"Public Health agencies should encourage moderate, but regular, physical activity and caloric restriction through decreased dietary fat consumption in weight-loss programs," the article stated. "These efforts are of special importance in states with the highest prevalences of overweight."

Guilt Over Gum?--There may actually be some benefits to chewing gum, according to several recent studies on the subject.

Young children should still be dissuaded from the practice because it may stunt tooth growth, but adults could incorporate the habit into a dental care program with little apparent harm, reports the UC Berkeley Wellness Letter.

"It depends on how long you chew gum and how it's sweetened. Done in moderation, it can be a healthful adjunct to brushing and flossing," the article stated.

For instance, one such benefit is the production of saliva, which helps counter tooth-decaying acids found in dental plaque. Research conducted by the Indiana School of Dentistry found that chewing gum actually stimulates the creation of significant amounts of saliva, the newsletter reported.

Decline in Development

Another study, by the University of Michigan, showed a decline in cavity development among 11- and 12-year-olds who chewed an experimental gum sweetened with xylitol, a nonfermentable sugar alcohol, three times a day. Xylitol is believed to counter bacteria that can also produce a tooth-decaying acid, according to the Wellness Letter.

Several precautions need to be taken if gum's limited benefits are to be utilized. Sugarless brands are preferable to those that contain sucrose, or table sugar. And gum chewing is best when done shortly after finishing a meal. Any such session should last no longer than 15 to 20 minutes, the article stated.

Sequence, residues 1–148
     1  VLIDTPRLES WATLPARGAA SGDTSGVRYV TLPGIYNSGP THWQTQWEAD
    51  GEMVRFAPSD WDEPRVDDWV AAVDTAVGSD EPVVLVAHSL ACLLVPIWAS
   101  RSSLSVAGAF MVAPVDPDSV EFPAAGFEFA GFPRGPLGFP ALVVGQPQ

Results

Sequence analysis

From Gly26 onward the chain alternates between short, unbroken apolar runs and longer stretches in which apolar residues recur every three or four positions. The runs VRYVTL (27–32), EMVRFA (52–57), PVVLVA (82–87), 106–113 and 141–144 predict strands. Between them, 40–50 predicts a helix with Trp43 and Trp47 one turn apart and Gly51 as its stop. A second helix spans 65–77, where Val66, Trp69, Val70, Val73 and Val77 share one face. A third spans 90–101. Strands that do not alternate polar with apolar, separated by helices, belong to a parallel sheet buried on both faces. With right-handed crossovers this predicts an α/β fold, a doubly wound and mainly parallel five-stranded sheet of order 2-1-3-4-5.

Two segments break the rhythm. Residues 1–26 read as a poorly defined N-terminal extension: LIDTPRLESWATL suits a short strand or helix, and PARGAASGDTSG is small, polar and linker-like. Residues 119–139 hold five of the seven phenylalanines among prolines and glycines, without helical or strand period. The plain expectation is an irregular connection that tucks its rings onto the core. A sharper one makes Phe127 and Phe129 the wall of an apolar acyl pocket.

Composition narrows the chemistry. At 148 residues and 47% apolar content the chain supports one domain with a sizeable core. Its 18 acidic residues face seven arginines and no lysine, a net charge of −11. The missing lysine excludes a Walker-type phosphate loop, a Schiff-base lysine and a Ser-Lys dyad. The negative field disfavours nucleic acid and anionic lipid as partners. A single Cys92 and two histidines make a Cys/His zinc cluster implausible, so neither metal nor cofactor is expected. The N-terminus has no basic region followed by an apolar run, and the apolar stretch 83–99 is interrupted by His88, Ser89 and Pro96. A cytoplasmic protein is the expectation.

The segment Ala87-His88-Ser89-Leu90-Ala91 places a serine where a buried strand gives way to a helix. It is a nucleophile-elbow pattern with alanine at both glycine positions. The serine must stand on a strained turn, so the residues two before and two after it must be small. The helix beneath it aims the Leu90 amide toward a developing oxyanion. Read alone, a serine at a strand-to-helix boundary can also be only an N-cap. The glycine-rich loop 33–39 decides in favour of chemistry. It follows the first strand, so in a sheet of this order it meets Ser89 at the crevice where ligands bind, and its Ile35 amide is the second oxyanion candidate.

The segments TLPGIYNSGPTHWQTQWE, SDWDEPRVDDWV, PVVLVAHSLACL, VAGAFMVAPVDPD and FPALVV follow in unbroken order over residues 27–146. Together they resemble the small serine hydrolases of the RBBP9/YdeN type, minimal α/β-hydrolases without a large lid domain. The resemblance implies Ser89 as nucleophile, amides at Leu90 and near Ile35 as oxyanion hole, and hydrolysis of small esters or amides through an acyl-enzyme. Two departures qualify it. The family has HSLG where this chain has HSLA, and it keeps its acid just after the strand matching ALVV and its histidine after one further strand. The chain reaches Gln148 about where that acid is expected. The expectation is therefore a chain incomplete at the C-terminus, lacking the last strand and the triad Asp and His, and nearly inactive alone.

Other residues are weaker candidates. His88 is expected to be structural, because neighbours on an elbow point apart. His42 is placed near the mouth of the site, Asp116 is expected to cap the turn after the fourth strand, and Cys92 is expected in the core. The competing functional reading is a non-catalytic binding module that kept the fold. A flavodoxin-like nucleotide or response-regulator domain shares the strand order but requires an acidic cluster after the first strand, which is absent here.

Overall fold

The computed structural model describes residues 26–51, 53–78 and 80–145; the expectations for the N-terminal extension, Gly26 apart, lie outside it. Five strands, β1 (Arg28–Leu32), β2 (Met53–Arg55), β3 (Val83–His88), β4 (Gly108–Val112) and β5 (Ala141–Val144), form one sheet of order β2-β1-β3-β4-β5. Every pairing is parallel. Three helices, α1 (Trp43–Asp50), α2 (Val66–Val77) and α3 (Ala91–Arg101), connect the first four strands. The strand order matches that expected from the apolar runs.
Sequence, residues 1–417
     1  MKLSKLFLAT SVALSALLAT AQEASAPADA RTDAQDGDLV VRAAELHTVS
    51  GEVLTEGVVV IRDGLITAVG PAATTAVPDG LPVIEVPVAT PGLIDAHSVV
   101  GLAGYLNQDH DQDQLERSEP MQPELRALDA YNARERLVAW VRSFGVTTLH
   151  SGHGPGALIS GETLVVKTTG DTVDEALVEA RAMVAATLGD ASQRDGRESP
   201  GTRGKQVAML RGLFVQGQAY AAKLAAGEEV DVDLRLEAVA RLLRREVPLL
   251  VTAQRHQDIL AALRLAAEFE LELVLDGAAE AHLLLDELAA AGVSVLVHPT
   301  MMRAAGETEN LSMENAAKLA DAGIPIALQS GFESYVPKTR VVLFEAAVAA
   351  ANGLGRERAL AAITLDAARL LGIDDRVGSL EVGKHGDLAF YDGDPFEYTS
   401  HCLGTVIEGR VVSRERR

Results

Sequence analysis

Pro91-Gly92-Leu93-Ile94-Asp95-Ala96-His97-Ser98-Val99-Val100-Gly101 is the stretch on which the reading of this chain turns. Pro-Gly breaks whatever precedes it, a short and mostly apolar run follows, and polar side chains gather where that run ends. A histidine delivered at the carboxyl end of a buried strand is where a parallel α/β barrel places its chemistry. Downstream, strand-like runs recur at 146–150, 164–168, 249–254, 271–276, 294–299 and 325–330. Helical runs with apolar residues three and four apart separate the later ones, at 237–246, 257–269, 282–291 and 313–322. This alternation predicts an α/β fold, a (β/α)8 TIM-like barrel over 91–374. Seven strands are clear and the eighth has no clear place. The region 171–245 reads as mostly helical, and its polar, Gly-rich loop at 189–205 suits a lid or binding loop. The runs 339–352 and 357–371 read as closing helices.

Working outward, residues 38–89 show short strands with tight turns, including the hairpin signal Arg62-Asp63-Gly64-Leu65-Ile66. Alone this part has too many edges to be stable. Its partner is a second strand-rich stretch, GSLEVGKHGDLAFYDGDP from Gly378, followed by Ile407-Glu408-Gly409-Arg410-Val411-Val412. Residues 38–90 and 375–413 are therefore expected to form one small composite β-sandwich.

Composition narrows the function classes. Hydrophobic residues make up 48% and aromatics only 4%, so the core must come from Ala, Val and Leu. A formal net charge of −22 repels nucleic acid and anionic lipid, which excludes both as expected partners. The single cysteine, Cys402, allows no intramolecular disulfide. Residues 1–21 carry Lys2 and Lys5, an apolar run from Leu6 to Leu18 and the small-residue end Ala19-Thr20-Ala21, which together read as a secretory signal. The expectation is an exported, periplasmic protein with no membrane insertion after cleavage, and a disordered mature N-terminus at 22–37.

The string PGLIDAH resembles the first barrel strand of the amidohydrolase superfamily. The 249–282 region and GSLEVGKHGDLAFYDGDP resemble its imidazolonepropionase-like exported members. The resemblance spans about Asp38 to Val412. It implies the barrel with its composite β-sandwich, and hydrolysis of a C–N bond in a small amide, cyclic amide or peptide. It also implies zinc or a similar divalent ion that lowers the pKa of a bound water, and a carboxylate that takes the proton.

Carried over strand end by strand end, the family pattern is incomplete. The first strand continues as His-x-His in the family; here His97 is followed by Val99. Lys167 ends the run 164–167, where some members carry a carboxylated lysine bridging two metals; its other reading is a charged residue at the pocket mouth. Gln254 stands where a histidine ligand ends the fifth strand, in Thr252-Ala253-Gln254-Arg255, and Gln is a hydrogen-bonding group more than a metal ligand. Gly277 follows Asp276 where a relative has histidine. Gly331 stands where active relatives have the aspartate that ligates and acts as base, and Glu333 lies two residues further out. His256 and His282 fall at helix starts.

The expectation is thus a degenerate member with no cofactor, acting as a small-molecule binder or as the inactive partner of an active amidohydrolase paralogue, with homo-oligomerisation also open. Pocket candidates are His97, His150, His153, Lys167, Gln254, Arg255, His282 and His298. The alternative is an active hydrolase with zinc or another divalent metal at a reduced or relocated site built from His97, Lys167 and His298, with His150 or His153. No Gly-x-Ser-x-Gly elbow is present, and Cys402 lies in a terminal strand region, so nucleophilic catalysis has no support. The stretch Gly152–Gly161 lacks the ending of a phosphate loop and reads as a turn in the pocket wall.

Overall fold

In fact, extended chewing of gum can create several problems, including jaw stress, erosion of tooth surfaces, cracked fillings and loosened inlays.

"There are indeed dental dangers to be braved, especially if the gum contains sucrose. But at the same time, those ads promoting gum as an aid to 'dental hygiene' may not be farfetched," the newsletter reported.

Encouraging Organics--California is one of six states lauded for its efforts to promote organic and low-chemical farming in a recent report by a Washington-based consumer group.

The Center for Science in the Public Interest also singled out Iowa, Maine, Minnesota, Texas and Wisconsin for encouraging pesticide reductions.

California was commended for offering courses at UC Santa Cruz on ways of limiting farm chemicals. The state was also noted for a research program that provides information to growers on pesticide alternatives.

Other states have also developed innovative ways to promote organic farming. Iowa, for instance, taxes the sale of pesticide and synthetic fertilizers to fund research designed to reduced the compounds' usage on farms. The program now generates about $4 million annually.

New York and Vermont, according to the group, have awarded grants to organic farmers to assist in the marketing of their crops. And five states fund inspection programs which certify that organically grown food meets local standards.

The Centers for Science claims that the federal government, however, is not doing enough to fund alternative farming programs. In the current fiscal year, the U.S. Department of Agriculture will spend only $4.5 million to finance experiments aimed at reducing pesticide usage.